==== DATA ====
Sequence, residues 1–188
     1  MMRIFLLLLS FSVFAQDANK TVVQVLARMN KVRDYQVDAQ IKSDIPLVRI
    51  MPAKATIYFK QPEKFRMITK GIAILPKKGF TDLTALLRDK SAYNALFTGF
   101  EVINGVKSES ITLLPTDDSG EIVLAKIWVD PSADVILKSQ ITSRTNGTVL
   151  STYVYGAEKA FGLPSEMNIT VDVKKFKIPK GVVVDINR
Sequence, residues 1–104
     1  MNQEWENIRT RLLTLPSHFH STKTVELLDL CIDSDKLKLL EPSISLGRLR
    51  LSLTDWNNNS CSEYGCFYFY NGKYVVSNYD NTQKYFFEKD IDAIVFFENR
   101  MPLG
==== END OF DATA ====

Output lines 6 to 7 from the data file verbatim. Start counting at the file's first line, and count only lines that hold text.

Sequence, residues 1–104
     1  MNQEWENIRT RLLTLPSHFH STKTVELLDL CIDSDKLKLL EPSISLGRLR